Told in brilliantly written non-linear clumps, (500) Days of Summer is more of a falling-out-of-love story than a traditional tale of boy-meets-girl and they struggle but live happily ever after.
Most love stories are puffed-up, predictable twaddle that lack character depth and honest emotion. (500) Days of Summer starts with narrator Richard McGonagle — who does a lot of books on tape and CD — dispassionately and matter-of-factly telling the story of a young couple in tantalizing bits and pieces. He jumbles up the 500 days and rolls them out like dice.
The movie comes up lucky 7s. It is real life young-love with a comic twist and two exceptional performances from Joseph Gordon-Levitt (TV’s Third Rock from the Sun) and Hollywood’s new deadpan queen Zooey Deschanel (Yes Man).
Sign Up and Save
Get six months of free digital access to the Tri-City Herald
He’s Tom. She’s Summer. He’s a hopeless romantic who believes in love. She doesn’t. In her mind, you’re together, then you’re not. Levitt, whose post-TV kid career has taken interesting twists, is the perfect goofy 20-something unable to believe the luck of landing Deschanel, who has perfected the art of melding the callous total babe with the clueless girl-next-door.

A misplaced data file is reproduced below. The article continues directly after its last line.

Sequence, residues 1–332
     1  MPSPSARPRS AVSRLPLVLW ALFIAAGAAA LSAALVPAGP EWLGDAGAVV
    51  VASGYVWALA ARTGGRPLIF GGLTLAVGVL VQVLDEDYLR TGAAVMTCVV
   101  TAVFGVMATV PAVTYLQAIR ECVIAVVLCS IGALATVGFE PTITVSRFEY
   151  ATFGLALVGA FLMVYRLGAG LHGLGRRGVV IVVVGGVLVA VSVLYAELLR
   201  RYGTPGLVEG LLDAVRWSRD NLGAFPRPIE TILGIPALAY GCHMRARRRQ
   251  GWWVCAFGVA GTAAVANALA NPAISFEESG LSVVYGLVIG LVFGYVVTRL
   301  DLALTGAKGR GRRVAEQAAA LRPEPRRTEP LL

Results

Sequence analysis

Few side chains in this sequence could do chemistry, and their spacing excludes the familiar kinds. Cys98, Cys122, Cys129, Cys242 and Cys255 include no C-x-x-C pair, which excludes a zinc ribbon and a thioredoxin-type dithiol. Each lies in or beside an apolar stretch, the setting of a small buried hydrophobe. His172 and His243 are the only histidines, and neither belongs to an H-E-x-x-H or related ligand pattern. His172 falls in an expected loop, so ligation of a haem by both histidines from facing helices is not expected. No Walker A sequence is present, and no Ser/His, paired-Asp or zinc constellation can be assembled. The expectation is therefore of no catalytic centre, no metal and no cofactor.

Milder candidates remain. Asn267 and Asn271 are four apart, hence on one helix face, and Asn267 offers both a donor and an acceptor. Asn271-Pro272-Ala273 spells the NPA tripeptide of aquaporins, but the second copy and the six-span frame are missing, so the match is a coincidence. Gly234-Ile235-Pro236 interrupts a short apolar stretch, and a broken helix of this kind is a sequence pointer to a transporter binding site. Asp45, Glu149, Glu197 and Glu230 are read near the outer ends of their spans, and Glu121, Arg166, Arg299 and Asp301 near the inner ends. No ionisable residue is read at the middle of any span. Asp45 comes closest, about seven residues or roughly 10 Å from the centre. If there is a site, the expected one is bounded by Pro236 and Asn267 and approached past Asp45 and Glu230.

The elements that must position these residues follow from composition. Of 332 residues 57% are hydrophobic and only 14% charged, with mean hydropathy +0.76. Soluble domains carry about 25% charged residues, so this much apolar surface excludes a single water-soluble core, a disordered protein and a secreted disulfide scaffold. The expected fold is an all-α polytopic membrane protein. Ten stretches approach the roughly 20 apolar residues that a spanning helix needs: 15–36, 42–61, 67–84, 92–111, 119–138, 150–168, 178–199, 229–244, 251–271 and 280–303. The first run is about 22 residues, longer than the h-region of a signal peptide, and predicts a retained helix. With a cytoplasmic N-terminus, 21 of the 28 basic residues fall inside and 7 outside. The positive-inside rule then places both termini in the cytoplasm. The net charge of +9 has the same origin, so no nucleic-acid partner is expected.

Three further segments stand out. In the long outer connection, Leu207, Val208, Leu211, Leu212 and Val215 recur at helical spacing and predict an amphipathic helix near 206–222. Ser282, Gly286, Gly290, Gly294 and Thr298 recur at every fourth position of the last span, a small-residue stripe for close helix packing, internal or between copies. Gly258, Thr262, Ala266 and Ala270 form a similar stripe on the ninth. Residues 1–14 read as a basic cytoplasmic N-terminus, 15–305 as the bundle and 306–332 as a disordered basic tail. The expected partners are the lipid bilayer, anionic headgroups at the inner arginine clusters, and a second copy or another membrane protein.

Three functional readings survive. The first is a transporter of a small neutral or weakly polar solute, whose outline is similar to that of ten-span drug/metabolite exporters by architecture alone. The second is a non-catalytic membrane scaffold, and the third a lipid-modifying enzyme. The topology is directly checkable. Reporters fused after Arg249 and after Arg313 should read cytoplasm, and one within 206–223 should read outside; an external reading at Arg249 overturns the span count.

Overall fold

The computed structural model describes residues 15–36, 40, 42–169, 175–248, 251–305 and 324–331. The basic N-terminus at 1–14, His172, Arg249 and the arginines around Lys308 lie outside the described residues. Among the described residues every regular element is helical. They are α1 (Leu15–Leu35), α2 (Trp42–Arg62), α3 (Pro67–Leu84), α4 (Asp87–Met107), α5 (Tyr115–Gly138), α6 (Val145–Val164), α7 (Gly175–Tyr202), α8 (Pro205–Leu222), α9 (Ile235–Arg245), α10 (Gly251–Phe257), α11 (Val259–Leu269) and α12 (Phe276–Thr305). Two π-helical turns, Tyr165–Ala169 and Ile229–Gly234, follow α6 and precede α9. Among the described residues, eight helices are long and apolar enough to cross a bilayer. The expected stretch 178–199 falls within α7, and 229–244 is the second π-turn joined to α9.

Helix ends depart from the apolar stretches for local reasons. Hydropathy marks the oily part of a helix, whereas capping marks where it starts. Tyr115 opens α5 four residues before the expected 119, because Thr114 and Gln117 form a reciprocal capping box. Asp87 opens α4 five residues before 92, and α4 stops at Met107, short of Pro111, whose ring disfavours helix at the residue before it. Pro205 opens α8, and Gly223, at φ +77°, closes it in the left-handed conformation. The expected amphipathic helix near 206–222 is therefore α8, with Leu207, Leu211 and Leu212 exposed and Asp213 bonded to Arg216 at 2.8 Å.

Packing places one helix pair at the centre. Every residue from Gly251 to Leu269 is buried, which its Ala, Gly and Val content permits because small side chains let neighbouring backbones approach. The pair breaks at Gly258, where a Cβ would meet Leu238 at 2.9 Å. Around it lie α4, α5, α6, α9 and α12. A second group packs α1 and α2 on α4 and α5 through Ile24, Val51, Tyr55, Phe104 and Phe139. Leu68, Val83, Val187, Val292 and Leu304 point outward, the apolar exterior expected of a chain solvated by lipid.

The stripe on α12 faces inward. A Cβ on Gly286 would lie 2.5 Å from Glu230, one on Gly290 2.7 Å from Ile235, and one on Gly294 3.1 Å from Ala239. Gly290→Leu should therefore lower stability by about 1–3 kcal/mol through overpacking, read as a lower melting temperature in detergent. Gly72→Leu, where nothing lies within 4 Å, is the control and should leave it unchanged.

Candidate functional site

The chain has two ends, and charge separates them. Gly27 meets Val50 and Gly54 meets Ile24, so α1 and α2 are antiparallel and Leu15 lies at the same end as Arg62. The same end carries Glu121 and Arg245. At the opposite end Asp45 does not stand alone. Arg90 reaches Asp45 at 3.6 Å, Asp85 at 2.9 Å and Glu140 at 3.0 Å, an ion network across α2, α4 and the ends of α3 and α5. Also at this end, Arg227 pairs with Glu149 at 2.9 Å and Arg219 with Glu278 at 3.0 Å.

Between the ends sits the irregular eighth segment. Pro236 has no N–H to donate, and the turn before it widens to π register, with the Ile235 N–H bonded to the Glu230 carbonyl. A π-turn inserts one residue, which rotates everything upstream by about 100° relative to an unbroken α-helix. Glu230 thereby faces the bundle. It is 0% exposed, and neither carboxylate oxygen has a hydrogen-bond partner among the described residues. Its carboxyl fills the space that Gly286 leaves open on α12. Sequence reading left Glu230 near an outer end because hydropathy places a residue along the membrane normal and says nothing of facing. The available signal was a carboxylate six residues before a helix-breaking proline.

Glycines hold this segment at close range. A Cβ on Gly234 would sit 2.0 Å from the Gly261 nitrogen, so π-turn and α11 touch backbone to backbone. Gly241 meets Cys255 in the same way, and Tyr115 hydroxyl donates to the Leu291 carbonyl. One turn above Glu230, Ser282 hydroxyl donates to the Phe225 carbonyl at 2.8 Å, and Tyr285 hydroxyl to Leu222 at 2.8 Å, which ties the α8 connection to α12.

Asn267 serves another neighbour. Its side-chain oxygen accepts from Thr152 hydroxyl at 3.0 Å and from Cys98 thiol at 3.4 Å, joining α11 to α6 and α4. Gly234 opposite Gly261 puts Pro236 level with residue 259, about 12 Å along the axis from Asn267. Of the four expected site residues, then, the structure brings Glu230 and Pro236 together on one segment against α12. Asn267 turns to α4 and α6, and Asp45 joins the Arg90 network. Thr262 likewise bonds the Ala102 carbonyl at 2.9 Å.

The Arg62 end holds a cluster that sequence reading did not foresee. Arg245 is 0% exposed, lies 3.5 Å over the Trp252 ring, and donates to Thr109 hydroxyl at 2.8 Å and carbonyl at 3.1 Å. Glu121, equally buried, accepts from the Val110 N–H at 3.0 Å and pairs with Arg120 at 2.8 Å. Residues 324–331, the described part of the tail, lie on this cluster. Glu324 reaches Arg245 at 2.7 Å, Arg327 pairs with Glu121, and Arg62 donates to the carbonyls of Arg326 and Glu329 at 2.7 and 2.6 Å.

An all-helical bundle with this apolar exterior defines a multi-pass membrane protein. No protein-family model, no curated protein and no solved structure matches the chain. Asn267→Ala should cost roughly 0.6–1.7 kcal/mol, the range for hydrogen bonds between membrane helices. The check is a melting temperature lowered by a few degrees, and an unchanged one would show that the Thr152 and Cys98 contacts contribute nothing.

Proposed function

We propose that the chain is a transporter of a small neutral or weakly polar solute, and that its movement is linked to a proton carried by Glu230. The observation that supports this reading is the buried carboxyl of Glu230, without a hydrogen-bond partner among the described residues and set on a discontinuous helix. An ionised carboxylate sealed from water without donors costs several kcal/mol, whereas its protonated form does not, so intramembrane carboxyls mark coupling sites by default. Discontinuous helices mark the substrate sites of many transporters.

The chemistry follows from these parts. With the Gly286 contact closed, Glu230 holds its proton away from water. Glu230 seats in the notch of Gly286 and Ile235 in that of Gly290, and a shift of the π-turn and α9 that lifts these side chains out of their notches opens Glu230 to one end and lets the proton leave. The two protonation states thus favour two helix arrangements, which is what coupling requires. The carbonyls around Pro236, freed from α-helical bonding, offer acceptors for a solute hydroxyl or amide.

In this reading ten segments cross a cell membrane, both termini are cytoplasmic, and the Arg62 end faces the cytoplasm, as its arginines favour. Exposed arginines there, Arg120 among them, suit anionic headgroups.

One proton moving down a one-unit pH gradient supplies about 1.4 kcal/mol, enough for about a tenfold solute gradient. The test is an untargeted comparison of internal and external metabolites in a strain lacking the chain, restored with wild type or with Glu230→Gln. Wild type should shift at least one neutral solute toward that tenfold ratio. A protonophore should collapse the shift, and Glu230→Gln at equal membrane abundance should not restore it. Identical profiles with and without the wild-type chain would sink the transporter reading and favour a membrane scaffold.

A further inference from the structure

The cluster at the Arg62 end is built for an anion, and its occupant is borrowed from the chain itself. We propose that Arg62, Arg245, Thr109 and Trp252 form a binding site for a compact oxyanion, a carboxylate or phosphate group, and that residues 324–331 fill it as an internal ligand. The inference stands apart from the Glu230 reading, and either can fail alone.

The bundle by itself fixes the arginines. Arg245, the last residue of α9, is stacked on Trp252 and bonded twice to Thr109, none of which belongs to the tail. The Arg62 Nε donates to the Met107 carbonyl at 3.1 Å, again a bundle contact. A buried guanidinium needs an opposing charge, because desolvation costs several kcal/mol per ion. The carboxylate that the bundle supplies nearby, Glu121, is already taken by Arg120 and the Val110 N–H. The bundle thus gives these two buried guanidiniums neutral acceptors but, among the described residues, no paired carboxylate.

Writers Scott Neustandter and Micheal H. Weber (The Pink Panther 2) and music-video-turned-movie director Marc Webb and these two great young actors hook you. When they hurt, you hurt. And you really hurt. One scene has one of the characters dropping a big bomb on the other. Your stomach drops. You actually feel their pain. Deeply.
The film drains you, and you will feel like you’ve done 500 days with Summer, too. But it’s a good drain, and they were a good 500 days.
Relationship movies rarely do that.
Mr. Movie rating: 5 stars
Rated PG-13 for mature themes. It opens Friday, August 14 at the Carmike 12.
5 stars to 4 1/2 stars: Must see on the big screen
4 stars to 3 1/2 stars: Good film, see it if it's your type of movie.
3 stars to 2 1/2 stars: Wait until it comes out on video.
2 stars to 1 star: Don't bother.
0 stars: Speaks for itself.